New research led by a UNBC researcher suggests that contaminates from one of the worst mine disasters in B.C.'s history is still affecting Quesnel Lake, six years later.
On Aug. 4, 2014, a tailings pond at the Mount Polley copper mine collapsed, sending almost 20 million cubic-metres of water and slurry flooding into Hazeltine Creek, Polley Lake and Quesnel Lake.
Fortunately, no one was killed or injured in the disaster, but it cost Imperial Metals $67 million in clean-up and remediation costs, as well as revenue lost from the mine being shut down.
The disaster was investigated by both federal and provincial agencies, but the company was never charged.
New research published in Water Resources Research finds turbidity, or cloudiness, in portions of Quesnel Lake increases each spring and fall, when the lake mixes from top to bottom in a natural process called turnover.
“During the first turnover after the spill, mixing brought suspended sediment to the surface, turning the previous clear-blue lake to bright green. Twelve months after the spill, the suspended sediment loads had substantially reduced, and the lake waters had appeared to return to their pre-spill state—but it turns out this was only temporary,” says researcher Andrew Hamilton in a news release, who did the work as a postdoctoral fellow at UBC and at the University of Alberta.
“Over the next three years, we saw an increase in turbidity above the spill deposits at the bottom of the West Basin every spring and fall when winds drove large basin-scale wave motions, like the sloshing of water in your bathtub,” he added.
“As turnover occurred, this sediment was then mixed from depths below 100 metres over the whole water column.”
Hamilton says the tailings contain elevated concentrations of some metals, such as copper, and if these metals are being seasonally resuspended from the lake bed they could make their way into the food web.
“Understanding all factors affecting the long-term water quality of Quesnel Lake is critical as its watershed supports substantial recreation, trout fisheries and Fraser River Pacific salmon stocks that are vital to Indigenous, recreational and commercial fisheries,” he said.
“Inevitably these spills end up flowing downstream into lakes or the ocean where they can disappear from view, yet that doesn’t mean the impact is over.”
The three-year research (2014-2017) is led by Dr. Ellen Petticrew, a geography professor at UNBC.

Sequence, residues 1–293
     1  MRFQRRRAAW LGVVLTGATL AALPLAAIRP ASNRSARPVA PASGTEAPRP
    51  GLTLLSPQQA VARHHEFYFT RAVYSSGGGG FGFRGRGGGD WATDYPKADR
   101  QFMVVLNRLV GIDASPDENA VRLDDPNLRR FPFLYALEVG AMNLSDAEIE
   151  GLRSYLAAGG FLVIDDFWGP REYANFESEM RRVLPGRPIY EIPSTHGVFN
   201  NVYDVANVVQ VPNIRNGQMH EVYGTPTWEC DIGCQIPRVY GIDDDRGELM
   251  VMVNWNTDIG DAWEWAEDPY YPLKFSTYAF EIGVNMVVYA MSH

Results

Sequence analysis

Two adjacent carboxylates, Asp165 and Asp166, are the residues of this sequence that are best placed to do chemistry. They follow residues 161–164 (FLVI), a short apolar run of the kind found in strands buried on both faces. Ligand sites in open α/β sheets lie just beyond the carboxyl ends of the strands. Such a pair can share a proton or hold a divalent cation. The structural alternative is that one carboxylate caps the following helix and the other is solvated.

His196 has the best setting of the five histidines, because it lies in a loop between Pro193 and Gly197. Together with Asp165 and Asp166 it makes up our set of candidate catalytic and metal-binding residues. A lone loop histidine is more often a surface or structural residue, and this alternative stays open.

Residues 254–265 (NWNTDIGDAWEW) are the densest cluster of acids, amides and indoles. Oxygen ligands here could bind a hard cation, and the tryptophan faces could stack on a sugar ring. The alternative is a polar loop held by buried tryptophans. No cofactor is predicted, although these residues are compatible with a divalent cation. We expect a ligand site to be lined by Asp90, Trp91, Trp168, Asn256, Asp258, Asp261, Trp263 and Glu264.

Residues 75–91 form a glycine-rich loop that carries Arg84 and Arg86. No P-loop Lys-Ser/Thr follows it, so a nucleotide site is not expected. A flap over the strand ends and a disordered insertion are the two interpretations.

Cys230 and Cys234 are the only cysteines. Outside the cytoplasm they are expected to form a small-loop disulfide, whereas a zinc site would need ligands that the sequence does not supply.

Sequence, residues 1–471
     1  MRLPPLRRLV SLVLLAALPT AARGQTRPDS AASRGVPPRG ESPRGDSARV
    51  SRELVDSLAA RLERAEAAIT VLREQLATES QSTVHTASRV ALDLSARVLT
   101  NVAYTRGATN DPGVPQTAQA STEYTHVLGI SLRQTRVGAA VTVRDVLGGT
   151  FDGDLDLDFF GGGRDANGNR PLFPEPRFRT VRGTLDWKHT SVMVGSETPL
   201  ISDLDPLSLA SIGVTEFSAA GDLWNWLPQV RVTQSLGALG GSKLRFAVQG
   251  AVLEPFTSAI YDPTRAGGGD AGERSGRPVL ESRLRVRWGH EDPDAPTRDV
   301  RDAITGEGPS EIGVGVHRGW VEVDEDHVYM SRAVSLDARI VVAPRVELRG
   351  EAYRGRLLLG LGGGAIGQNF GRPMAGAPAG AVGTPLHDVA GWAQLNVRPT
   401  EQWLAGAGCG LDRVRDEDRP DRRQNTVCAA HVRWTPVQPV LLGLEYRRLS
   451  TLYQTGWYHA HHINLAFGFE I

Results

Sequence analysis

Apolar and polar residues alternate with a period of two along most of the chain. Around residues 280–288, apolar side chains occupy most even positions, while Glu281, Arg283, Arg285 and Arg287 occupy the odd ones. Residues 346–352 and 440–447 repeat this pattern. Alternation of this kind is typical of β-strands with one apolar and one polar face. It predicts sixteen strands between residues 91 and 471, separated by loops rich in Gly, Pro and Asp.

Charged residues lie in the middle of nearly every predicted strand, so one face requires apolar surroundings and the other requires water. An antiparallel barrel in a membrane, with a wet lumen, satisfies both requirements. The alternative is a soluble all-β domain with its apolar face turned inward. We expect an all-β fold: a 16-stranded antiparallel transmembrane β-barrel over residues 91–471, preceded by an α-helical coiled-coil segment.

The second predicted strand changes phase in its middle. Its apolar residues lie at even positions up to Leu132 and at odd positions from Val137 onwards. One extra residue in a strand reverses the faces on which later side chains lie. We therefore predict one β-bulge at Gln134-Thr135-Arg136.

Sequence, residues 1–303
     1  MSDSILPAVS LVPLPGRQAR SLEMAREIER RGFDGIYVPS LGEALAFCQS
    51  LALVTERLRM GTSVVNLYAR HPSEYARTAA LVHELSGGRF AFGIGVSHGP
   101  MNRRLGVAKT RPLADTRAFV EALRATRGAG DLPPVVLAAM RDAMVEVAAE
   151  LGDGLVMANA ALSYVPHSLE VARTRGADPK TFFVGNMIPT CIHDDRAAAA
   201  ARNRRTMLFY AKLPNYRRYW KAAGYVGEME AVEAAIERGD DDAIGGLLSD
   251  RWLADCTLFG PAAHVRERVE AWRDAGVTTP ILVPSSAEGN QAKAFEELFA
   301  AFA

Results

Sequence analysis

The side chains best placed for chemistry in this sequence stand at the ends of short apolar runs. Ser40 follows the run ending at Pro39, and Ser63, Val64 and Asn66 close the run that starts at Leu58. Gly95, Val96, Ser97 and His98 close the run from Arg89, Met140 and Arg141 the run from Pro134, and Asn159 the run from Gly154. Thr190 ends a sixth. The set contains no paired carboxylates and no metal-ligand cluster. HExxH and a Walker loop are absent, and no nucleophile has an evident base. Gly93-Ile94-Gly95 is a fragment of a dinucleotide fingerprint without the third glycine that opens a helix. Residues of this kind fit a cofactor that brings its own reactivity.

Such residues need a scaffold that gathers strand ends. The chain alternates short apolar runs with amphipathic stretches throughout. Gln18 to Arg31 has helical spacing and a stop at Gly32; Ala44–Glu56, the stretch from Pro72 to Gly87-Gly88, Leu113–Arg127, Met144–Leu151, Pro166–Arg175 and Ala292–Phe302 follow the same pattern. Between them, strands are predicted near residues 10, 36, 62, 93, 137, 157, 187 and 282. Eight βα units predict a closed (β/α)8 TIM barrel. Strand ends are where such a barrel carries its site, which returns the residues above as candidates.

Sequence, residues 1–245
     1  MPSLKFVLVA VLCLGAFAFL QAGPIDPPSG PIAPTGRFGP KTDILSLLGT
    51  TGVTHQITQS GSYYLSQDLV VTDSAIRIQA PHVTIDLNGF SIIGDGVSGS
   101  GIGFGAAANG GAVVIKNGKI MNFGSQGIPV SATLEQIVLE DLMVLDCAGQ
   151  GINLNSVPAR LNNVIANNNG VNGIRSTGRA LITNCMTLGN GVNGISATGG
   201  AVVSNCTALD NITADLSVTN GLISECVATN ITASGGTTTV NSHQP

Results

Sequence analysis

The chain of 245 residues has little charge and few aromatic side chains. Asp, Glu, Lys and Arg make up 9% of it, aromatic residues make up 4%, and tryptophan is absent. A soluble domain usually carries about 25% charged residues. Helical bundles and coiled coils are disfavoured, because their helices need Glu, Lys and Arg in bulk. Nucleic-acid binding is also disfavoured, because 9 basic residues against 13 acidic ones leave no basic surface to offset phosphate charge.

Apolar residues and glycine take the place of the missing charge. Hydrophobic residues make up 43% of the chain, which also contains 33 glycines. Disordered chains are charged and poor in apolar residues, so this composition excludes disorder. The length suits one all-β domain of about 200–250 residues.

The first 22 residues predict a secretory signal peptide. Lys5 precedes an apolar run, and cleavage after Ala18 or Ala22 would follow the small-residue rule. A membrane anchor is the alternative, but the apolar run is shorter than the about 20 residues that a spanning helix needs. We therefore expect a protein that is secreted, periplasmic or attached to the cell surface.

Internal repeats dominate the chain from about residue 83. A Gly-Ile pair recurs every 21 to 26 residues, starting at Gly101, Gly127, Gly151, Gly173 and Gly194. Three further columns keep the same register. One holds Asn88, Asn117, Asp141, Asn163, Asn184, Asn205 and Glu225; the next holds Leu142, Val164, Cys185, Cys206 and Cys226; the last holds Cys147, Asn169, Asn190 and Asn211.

Since 2014, Petticrew and UNBC Environmental Science Professors Dr. Phil Owens and Dr. Stephen Déry have monitored the effects of the spill in partnership with Hamilton and an interdisciplinary group of scientists from UBC, the University of Lethbridge, and Fisheries and Oceans Canada (DFO).
“We have seen a seasonal increase in some metal concentrations in the Quesnel River that corresponds to the timing of the turbidity increase observed in the lake,” said Petticrew.
“This paper explains some of these other processes we are observing, and helps build a more complete understanding of the long-term impact of the spill on the lake.”
One of the study’s co-authors highlights the importance of understand the long-term impacts of the disaster.
“While the immediate environmental devastation of other catastrophic mine waste spills around the world may have been more apparent, our research shows that the environmental impacts of the spill in Quesnel Lake are long-term,” says co-author Bernard Laval, a professor of civil engineering at UBC.
“Investigating these subtle impacts over time will help inform if and how Quesnel Lake recovers, and the potential for lasting impacts of other tailings spills which are increasingly frequent globally.”
A special technical panel found the collapse was caused by a design flaw and failure by engineers to understand the geology of the site.
The three engineers involved in the design of the tailings pond faced disciplinary hearings by the Engineering and Geoscientists of British Columbia earlier this year.
- with files from Nelson Bennett, Business in Vancouver